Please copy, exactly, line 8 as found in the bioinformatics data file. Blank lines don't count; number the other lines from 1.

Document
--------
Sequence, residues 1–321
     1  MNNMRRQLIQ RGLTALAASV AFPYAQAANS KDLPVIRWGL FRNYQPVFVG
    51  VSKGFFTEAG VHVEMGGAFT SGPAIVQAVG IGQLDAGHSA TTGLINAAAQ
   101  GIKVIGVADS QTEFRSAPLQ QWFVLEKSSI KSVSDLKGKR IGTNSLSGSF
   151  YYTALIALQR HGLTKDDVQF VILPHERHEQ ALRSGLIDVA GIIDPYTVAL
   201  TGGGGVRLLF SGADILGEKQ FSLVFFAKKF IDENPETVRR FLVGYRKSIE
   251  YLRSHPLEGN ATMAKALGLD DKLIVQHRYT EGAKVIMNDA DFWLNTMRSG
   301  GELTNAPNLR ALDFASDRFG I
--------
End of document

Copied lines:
   301  GELTNAPNLR ALDFASDRFG I